Changing Perspectives on Racism

Living in a society where we spend most of our time staring at a screen, be it smartphone, iPad, laptop or television, having a show that reflects on modern society, like, is especially important.
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The Netherlands is known to be a free -- weed loving -- country, where tolerance is a virtue everyone possesses. Where gay people who get married aren't frowned upon; the Dutch truly believe that it's in everyone's right to be able to celebrate his or her love. Yes, we are but a small country, though great in many ways.

However, there is a downside. Because of all the greatness there is, we seem to have lost our ability to think critically. We have celebrated our freedom of speech to such an extent, we stopped wondering whether the things we say or express are hurting others. We are so full of ourselves, being the inhabitants of such a wholehearted country, that we never stop and wonder if all things are indeed bright and beautiful. And when someone tells us they're not, boy do we get offended.

Some of the bigger issues we have been trying to tackle in the Netherlands are racism and discrimination. The subjects somehow spark such anger with the public, that when I use the term 'white privilege' I know up front that the 'white' and 'privileged' will get frantic with me. When I use the term 'sexism' I am told that as 'a Moroccan muslim' -- I guess those are the only to boxes I fit in -- I don't have the right to criticize our great Dutch society; surely I am much more free in the West than I would have been living in, say, Saudi-Arabia? How's that for sexism and racism all rolled into one? I should be grateful for the lesser evil. Even though I am a Dutch citizen -- born and raised -- I should be grateful for the freedom my own country has given me and stop bickering.

Well, I won't.

Racism and discrimination are still very much alive in this country. We have buried our heads in the sand for far too many years, waiting for the issues to pass over. For far too many years women have agreed to not getting equal pay for equal work, thinking that some day the big boss will acknowledge their hard work and cough up extra pay. Children of immigrants have studied harder, worked more and sent out much more résumés, hoping and wishing that maybe this time someone in human resources won't notice that the name stated is Mohammed or Fatima. We need to address these issues, head-on. Shying away will not make them disappear. Nobody will be handing out money out of free will, nor will people stop hiring their sons and their daughters, unless we make them.

I live in a country where a petition, called 'Black Pete should stay', is signed by almost half a million people. Where whoever tries to question Black Pete is made perpetrator instead of victim. Standing up against the racist Blackface figure, who is slave to Sinterklaas (our own little variation of Santa Claus), guarantees so much hatred, our Dutch ancestors, who were slave traders, surely would've been proud men.

But if trying to address these issues head-on only sparks more hatred and racism, instead of leading to an exchange of thoughts, after which we all go home as BFF's and braid each others hair, what else is there left to do? If demanding equal pay for equal work or demanding equal treatment only leads to a greater gap, and more inequality, how can we close the gap?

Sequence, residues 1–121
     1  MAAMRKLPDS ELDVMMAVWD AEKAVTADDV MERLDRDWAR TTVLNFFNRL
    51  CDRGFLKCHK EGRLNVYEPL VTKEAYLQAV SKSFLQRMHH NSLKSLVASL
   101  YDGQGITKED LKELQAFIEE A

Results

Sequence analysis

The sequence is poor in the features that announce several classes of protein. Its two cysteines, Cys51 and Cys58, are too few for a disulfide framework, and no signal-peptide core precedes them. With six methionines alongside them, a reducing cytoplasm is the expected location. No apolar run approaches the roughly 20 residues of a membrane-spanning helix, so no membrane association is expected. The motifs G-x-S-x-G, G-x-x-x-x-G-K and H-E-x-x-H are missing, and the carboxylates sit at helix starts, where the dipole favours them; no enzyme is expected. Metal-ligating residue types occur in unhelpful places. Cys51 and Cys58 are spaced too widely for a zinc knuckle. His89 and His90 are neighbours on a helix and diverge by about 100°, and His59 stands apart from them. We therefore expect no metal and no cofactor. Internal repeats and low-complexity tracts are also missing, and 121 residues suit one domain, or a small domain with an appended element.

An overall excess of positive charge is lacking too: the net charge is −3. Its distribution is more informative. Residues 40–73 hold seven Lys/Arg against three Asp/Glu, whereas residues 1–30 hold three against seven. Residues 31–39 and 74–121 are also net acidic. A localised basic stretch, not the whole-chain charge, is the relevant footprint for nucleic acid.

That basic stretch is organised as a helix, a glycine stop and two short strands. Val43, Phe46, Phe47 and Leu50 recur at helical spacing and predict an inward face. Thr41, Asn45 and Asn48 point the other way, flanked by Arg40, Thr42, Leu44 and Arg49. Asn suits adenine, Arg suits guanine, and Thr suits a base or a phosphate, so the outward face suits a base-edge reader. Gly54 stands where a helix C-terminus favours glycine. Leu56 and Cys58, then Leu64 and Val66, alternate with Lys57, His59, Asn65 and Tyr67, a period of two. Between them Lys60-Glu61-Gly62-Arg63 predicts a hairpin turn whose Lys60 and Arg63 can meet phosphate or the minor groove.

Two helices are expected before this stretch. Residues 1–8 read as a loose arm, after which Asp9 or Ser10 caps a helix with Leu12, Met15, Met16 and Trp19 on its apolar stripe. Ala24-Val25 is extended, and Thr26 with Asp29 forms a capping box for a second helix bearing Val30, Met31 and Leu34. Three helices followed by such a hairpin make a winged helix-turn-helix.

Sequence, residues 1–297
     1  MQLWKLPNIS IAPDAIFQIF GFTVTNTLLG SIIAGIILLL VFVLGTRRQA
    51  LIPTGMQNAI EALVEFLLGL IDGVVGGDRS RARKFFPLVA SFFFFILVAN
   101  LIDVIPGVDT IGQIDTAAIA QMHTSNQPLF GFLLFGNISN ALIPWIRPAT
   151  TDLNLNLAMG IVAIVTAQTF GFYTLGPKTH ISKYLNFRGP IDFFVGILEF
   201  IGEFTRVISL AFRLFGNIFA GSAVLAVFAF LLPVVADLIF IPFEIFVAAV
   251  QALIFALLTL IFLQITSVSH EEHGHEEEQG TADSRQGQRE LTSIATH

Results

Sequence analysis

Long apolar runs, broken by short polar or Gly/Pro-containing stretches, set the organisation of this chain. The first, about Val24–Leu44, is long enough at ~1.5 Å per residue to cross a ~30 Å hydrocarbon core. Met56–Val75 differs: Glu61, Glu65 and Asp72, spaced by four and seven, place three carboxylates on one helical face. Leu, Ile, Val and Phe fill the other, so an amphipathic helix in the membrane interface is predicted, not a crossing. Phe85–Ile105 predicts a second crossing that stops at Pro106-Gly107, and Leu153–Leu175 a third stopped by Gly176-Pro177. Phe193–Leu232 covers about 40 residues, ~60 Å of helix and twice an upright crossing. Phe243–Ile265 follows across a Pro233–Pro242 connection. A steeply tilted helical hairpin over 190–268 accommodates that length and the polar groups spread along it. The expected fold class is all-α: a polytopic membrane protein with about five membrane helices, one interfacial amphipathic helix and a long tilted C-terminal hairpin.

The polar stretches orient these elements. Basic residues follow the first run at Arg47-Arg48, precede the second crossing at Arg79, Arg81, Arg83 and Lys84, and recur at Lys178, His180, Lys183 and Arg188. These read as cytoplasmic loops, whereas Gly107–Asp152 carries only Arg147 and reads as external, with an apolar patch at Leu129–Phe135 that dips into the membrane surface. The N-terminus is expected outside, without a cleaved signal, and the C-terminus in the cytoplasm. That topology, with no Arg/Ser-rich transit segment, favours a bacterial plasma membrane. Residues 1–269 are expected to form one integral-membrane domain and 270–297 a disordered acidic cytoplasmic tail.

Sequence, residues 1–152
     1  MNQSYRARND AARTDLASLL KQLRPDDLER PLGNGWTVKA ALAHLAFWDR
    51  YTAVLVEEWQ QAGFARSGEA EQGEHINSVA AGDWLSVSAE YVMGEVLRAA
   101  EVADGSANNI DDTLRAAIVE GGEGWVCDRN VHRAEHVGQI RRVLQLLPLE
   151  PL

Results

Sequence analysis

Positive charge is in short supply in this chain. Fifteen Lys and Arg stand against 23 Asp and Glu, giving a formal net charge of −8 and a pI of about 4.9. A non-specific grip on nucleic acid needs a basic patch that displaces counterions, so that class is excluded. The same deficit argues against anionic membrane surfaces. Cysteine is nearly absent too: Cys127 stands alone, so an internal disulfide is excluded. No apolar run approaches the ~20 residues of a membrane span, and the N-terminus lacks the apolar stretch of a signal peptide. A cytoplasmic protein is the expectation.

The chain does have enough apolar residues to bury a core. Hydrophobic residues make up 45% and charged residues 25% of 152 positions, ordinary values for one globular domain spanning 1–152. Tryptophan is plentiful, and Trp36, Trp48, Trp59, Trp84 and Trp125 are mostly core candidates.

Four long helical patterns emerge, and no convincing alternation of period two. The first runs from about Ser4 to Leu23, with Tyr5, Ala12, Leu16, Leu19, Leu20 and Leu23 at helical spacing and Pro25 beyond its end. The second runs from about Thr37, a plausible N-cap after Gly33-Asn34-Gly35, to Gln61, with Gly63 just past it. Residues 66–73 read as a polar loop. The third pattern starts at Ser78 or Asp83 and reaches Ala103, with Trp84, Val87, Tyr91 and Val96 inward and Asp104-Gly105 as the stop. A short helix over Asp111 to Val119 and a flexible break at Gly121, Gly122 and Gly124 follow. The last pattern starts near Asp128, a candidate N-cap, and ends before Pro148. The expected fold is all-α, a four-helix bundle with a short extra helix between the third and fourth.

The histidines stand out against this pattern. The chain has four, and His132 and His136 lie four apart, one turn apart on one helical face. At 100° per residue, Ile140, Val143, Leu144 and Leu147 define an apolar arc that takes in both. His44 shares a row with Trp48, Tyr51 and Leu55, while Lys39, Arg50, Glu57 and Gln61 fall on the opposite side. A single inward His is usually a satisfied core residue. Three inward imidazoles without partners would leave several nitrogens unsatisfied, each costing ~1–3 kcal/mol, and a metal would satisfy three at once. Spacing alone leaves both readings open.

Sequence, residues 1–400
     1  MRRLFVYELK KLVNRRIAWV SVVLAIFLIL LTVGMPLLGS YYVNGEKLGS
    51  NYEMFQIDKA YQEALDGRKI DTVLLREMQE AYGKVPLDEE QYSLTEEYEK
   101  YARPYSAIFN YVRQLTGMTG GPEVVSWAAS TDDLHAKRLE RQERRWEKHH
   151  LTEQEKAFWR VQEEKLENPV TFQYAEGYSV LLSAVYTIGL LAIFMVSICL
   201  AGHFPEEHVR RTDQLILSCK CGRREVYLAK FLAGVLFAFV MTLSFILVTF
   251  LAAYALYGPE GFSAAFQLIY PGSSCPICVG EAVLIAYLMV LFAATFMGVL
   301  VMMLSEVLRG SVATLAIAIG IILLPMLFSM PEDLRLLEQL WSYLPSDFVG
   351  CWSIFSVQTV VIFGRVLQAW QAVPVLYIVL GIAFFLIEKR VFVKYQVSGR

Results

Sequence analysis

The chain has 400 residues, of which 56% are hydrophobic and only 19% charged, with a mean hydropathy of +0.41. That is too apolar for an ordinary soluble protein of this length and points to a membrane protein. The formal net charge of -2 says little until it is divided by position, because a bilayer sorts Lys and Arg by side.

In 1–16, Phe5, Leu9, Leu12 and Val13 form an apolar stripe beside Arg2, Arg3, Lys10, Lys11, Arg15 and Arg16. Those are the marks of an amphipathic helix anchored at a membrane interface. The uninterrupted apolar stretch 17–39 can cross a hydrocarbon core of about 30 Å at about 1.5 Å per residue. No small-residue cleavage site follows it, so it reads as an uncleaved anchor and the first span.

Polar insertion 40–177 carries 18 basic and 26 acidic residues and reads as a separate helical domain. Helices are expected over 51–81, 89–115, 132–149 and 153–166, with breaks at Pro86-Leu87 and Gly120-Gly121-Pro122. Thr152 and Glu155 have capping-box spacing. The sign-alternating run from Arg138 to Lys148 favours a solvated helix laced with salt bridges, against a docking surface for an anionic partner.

I'd like to believe in what I call the Shonda Rhimes method .

As a screenwriter Shonda Rhimes is changing -- or rather: correcting -- our perception of blacks and people of color, by giving them another voice. For years they have been portrayed as the help or the thug. Rhimes is correcting our perception by having Olivia Pope -- a black woman -- lecture the president of the United States on his use of the word 'bitch'. Rhimes is correcting our perspective by showing diversity among hospital-staff in Grey's Anatomy and by using recent events -- such as the shooting of the black man in Ferguson -- to demonstrate how racial profiling is tearing up our communities.

I use the term 'correcting' because basically all Rhimes is doing is holding up a mirror and making us look into it. For far too many years have we been told that all doctors are white, that calling women our bitches is okay, that black people are essentially violent. If not they're ignorant or rappers. Or if you're Kanye West, you're both.

While driving her BMW through Harlem, an African American woman from Long Island was recently pulled over by the police, on the accusation of being high on marijuana. Even though no weed was ever found, they impounded her car. So far, not so good, but what happened after is even worse. When she went to pick up her car and confronted the officers with the awful way she had been treated, she was allegedly forcibly cuffed, sedated andthrown in a hospital psych ward for 8 days. They labeled her 'emotionally disturbed', because the woman had told them of her business career, and how Barack Obama follows her on Twitter (which his account does) in an effort to establish her creditability and sanity. But nobody believed her. Surely, a black woman working at Citibank or Astoria Bank is so unbelievable, she must have been delusional, right?

Living in a society where we spend most of our time staring at a screen, be it smartphone, iPad, laptop or television, having a show that reflects on modern society, like Scandal, is especially important. It may all be fiction, but slowly and surely, Rhimes is changing our views, by correcting our perspectives.

It's a little paradoxical that we need fiction to learn to see the truth, but hell, if this is what it takes to change the worlds' perspective on racism, discrimination and sexism, I'll watch a dozen more episodes of Scandal.

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